One of the Australian motifs around the nation’s involvement in world conflicts is the true-blue Aussie bush boy, who leaves his small town behind to serve his country. Vic Underwood is the perfect example of that, and he has all of the Anzac traits that are so often mentioned in the media - good humoured, humble, brave, with a “get-it-done” attitude. The Leader spoke to Mr Underwood in the build up to the 2017 Anzac Day celebrations.
A tunnel in the middle of the jungle has been found – you don’t know if enemy soldiers are in there, but you do know it’s booby trapped and it’s your job to go down there and blow it up.
That was the life of a Tunnel Rat in the Vietnam War.
Vic Underwood, born in Inverell and now living in Moonbi, was just 21 when he served with the elite group, who dealt with “mines, booby traps and tunnels”.
“When they found tunnels we got flown out to search them, then we blew them up,” Mr Underwood said.
“If anyone got stuck in mine fields or pulled a bloody boob trap on themselves, we would get them out.
“It’s pretty scary – somebody's over there screaming and carrying on, and you’ve got to get them out of the mine field and you know you can’t do it quick.”
The guerrilla force in South Vietnam, the Viet Cong, had an extensive network of tunnels that had been built over 25 years during the country’s resistance against its French colonists.
Armed with just a pistol, knife and a flash light, the Tunnel Rats would search the tunnel for enemies and intelligence, before destroying it.
“A lot of time they’d have a bit of an idea [we were coming], so they’d be gone, but they would leave them booby trap,” Mr Underwood said.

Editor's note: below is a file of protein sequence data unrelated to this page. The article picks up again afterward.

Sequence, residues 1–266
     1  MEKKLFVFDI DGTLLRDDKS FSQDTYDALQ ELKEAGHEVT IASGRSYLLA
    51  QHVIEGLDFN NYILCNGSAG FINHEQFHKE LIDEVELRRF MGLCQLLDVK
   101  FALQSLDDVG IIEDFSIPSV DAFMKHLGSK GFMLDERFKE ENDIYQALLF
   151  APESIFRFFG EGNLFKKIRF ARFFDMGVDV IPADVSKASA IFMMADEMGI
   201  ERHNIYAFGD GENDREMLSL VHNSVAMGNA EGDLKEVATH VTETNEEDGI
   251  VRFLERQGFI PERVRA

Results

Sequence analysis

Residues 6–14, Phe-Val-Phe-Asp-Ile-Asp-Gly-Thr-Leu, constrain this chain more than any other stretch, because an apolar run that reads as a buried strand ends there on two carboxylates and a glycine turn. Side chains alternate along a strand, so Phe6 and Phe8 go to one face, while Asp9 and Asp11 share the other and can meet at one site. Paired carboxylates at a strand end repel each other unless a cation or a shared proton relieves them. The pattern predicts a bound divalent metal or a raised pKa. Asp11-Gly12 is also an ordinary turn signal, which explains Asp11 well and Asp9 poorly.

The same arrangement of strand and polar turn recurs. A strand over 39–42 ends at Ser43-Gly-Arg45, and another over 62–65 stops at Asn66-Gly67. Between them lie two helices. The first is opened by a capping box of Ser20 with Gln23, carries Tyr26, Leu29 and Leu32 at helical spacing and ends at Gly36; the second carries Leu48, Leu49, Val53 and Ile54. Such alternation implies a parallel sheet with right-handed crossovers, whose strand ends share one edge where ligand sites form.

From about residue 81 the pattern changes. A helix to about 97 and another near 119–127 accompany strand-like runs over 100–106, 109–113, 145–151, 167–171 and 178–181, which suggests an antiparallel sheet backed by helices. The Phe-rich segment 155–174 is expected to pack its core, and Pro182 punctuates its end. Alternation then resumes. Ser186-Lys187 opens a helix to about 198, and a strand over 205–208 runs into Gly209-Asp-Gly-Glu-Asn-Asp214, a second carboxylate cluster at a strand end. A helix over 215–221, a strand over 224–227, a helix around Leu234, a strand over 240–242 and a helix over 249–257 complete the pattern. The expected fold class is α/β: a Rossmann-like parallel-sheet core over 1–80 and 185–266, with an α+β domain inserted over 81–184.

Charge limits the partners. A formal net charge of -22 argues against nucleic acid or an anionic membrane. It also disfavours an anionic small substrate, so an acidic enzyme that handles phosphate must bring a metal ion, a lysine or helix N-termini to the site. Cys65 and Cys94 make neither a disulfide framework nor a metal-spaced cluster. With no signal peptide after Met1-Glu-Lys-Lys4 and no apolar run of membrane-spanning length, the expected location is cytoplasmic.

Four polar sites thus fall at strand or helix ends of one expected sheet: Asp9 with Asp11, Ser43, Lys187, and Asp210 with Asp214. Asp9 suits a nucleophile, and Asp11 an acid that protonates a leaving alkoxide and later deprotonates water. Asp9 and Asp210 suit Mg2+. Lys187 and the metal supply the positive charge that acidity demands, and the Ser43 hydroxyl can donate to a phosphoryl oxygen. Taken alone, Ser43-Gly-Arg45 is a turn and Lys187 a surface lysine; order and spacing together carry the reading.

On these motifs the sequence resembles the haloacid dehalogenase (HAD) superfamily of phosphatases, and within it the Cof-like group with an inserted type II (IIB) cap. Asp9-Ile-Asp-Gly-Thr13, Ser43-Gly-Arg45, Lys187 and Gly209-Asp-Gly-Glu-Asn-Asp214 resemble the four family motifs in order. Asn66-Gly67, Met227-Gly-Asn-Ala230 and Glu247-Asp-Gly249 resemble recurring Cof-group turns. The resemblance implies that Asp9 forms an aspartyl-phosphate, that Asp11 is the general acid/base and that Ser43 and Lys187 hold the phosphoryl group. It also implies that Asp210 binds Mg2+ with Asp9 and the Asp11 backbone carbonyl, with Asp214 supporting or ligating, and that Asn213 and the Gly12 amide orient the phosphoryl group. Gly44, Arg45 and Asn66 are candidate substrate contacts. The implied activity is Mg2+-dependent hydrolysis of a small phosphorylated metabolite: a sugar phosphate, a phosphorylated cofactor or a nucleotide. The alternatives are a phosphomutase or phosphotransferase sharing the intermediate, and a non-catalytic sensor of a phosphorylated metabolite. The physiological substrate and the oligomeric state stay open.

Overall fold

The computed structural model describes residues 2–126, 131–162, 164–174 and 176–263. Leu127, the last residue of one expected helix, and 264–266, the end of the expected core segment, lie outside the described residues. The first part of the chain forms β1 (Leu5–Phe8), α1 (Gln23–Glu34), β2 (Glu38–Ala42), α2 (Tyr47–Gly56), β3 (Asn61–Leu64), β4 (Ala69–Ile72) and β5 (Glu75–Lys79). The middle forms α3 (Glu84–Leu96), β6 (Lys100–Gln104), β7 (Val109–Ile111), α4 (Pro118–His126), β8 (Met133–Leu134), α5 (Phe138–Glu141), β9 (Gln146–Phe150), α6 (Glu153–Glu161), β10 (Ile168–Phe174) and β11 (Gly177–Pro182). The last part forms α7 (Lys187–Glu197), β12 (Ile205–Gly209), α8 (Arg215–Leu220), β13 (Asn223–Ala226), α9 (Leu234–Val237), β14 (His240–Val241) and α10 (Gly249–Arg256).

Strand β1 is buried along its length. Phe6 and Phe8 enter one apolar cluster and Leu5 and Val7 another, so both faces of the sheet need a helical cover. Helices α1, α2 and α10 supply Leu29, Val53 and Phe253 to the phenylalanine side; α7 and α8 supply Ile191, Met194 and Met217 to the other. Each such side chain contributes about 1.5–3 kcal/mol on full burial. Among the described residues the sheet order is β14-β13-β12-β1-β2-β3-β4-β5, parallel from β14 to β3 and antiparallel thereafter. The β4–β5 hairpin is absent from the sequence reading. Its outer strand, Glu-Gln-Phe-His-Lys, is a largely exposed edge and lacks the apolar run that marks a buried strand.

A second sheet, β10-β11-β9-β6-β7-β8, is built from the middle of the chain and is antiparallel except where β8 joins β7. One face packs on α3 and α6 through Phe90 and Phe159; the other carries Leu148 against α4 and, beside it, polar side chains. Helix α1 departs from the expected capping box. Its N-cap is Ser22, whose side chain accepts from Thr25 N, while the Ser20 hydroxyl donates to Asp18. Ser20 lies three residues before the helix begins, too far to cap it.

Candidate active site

“Sometime they’d try to defend them, but once you got in there, they’d get going, which suited us.”
“It was a nerve-wracking job. Often you didn’t have terribly good lighting, because you would be an open target in the dark narrow tunnel.”
The booby traps ranged from hand grenades on trip wires to the more bizarre.
“They’d even be things like tendered snakes – they’d put a snake in there, tie him up and he’ll be nice and cranky when you’re sneaking along in the dark,” Mr Underwood said with a wry smile.
“Or even scorpions set up to fall from the roof that would bite like buggery.
“You’d strike the odd bat. We use to say the more bats we saw the less people we were likely to see.”
The “bush-a-fied” country boy’s 12-month deployment started in November 1967 – smack bang in the middle of the Tet Offensive, which is when the war changed from skirmishes and guerrilla warfare to some of the biggest battles seen since WWII.
Mr Underwood was involved in some of the most intense fighting seen by Australian soldiers during the, at the Battle of Fire Support Base Andersen, where they repeated repealed attacks over three consecutive nights.
“That was three days with out much sleep, but you lived on adrenaline,” he said.
“The [enemy] numbers, they thought were 300 to 500, but ended up being 3500.”
Even in the midst of the fierce battle, Mr Underwood’s dry humour still shone through. He and fellow Sapper Norm Cairns heard the pop of mortars being fired. Just as they were about to investigate where they were being fired from, the field telephone rang. Mr Underwood picked it up and carried on.
“We crawled over the sandbag barricade, and the mortar come in and land right there [pointing at his feet],” he said.
The explosion blew the pair backwards, but luckily the sandbag had absorbed all the shrapnel and they were miraculously alive.
“I still had the phone in my hand and the officer said ‘I think we are being mortared’,” he laughed.
“I told him in no uncertain terms we actually were being mortared. I said ‘I can tell you with absolute f****** certainty we are being mortared, sir’. We got into a bit of trouble over that. Apparently there is protocol over the phone even if you’re dying.”
And despite the horrors of war, it was the return to Australia that was the toughest battle for many Vietnam veterans.
“It was very difficult in a lot of ways because you couldn’t talk to anybody and nobody wanted to know,” Mr Underwood said.
“The welcome home parade they put on was pretty much a farce. About four weeks later they welcomed the cricketers home [from England]. They spent about three times as much on their welcome home parade.”
While he looks forward to Anzac Day, that wasn’t always the case – his first march wasn’t until 25 years later.
“It's not a big war session or anything like that, it's just people having a few drinks, having a yarn. Vietnam very seldom comes up.”